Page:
New Research Shows Flu Vaccines Reduce Chance of Serious Illness; PCDOH Schedules Three Fall Public Flu Clinics

BREWSTER, NY— Every year scientists reformulate the flu vaccine. They base it on strains that circulated last year and ones predicted to be a threat in the upcoming season. As a result, how well the vaccine works varies each year. However, evidence from a new CDC-supported study now shows that while a vaccinated person may still get the flu, how seriously ill they become is reduced by getting the shot. The study was conducted over four flu seasons from 2012 to 2015. It showed that with a flu shot the chance of an adult being admitted to a general hospital floor with flu was reduced by 32 percent, while the risk of being admitted to an intensive care unit with flu was reduced by 82 percent.

“Getting a flu shot can protect your health and the health of your family,” says County Executive MaryEllen Odell. “Our health department goes into the community to senior centers and schools and tries to make it convenient and available to as many people as possible.”

“The flu vaccine varies in effectiveness from year to year, but it is still the best way to prevent influenza and its potentially serious complications,” says interim Health Commissioner Michael J. Nesheiwat, MD. “It prevents millions of flu illnesses and related doctors’ visits and has been proven to reduce the severity and duration of the flu, should you happen to come down with it. The bottom line is it helps protect your health all around, and the health of our community.”

Three public flu clinics are scheduled for the fall. Hosted by the Putnam County Department of Health (PCDOH), the first clinic is Monday, September 24, at the Carmel Fire Department, Route 52 and Vink Drive in Carmel. The second is on Wednesday, October 10, at the Garrison Fire Department, 1616 Route 9; the third is Monday, October 22, at Carmel Fire Department again. The health department’s skilled and experienced public health nurses will be giving flu shots at each site from 2 to 6:30 p.m. No appointment is necessary.

“Early vaccination offers the best protection,” continues Dr. Nesheiwat. “It takes about two weeks for your antibodies to develop, so receiving your shot early means your protection starts sooner. Certain people need to be vaccinated. They include pregnant women, children 6 months through 18 years of age, people over 50 years of age, and those with chronic, or long-lasting, medical conditions and those who live with them. All these groups may have serious health problems if they get the flu themselves. Health care workers are also required to get the flu vaccine in order to protect their patients.”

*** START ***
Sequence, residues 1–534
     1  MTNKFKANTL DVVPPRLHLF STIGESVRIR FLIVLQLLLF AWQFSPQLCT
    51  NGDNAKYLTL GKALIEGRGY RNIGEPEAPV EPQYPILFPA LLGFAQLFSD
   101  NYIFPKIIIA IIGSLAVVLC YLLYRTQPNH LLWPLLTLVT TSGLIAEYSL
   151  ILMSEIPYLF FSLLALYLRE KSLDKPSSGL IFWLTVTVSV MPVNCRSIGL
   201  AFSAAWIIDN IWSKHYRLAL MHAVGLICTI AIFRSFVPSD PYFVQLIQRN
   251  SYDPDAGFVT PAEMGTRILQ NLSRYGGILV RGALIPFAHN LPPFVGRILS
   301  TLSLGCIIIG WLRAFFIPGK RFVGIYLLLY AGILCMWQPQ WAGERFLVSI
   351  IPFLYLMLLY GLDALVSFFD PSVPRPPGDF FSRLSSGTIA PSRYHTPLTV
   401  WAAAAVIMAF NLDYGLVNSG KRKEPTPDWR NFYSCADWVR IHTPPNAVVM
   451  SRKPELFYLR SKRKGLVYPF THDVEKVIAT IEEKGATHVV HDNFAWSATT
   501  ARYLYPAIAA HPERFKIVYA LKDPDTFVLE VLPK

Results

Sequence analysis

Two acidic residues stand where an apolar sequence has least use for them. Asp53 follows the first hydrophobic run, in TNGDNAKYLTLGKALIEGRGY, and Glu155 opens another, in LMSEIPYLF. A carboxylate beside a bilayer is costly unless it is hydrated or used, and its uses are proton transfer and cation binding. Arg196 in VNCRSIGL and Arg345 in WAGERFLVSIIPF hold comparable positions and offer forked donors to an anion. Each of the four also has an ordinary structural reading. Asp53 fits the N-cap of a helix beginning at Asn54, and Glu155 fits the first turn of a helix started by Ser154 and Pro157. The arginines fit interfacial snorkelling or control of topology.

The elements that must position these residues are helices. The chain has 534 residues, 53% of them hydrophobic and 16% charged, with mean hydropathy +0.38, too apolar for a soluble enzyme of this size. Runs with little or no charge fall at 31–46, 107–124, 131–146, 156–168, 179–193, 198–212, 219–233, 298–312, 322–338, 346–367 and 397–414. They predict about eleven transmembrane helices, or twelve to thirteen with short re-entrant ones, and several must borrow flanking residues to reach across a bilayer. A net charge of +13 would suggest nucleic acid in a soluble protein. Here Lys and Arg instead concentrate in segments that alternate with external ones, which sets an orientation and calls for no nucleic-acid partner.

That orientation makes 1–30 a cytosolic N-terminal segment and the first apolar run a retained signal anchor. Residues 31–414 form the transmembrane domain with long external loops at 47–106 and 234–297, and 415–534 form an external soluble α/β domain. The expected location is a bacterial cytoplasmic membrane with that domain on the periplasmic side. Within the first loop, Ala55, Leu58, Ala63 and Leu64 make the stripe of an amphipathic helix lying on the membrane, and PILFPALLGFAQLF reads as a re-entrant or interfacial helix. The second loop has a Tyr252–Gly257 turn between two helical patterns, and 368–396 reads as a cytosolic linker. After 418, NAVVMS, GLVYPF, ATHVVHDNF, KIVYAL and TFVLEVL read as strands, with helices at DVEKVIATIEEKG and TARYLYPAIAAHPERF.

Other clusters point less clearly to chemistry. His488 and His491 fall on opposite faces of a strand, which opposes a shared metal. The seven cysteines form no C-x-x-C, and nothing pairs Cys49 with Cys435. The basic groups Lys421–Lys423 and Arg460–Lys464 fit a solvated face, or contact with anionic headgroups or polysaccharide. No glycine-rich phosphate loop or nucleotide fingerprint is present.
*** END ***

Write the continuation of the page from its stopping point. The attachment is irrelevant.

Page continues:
Flu shots are important for other reasons as well. Medical and prescription costs are reduced along with work absenteeism. From a public health standpoint, flu immunization is important because it provides “herd immunity,” so that those who can’t be vaccinated because they are too young, or have a specific medical condition, are protected as well.

The clinics are open to all Putnam County residents 18 years of age and older. Proof of residency is required, along with a signed consent form. Forms will be available at the clinics, but residents are encouraged to download and complete the form ahead of time. Forms are posted on the health department’s immunization page on Putnam County website at The fee for vaccination is $25 for residents under 65 years of age. Those 65 years and older, or with a Medicare card, can receive the vaccine free of charge. High-dose flu vaccine is being offered for seniors, aged 65 years and older, as studies show this vaccine is more effective for this population. (Pneumonia vaccine will not be offered at the flu clinics.)

More public flu clinics may be held later this year. Any future dates will be announced on the health department’s website and through social media. Flu vaccination is also offered by the Health Department in all school districts this fall for students and staff only. Check the school calendar or with the school nurse for details of these school-based clinics.

The mission of the Putnam County Department of Health, nationally accredited by the Public Health Accreditation Board (PHAB), is to improve and protect the health of the Putnam County community, composed of nearly 100,000 residents. Core services include community health assessment, disease surveillance and control, emergency preparedness, environmental health protection, family health promotion and health education. For more information, please visit our County website at ; or visit our social media sites on Facebook at and Twitter @PutnamHealthNY.



Please let us know if we can provide any additional information. Feel free to contact our Public Information Officer Barbara Ilardi with any questions at 845-808-1390.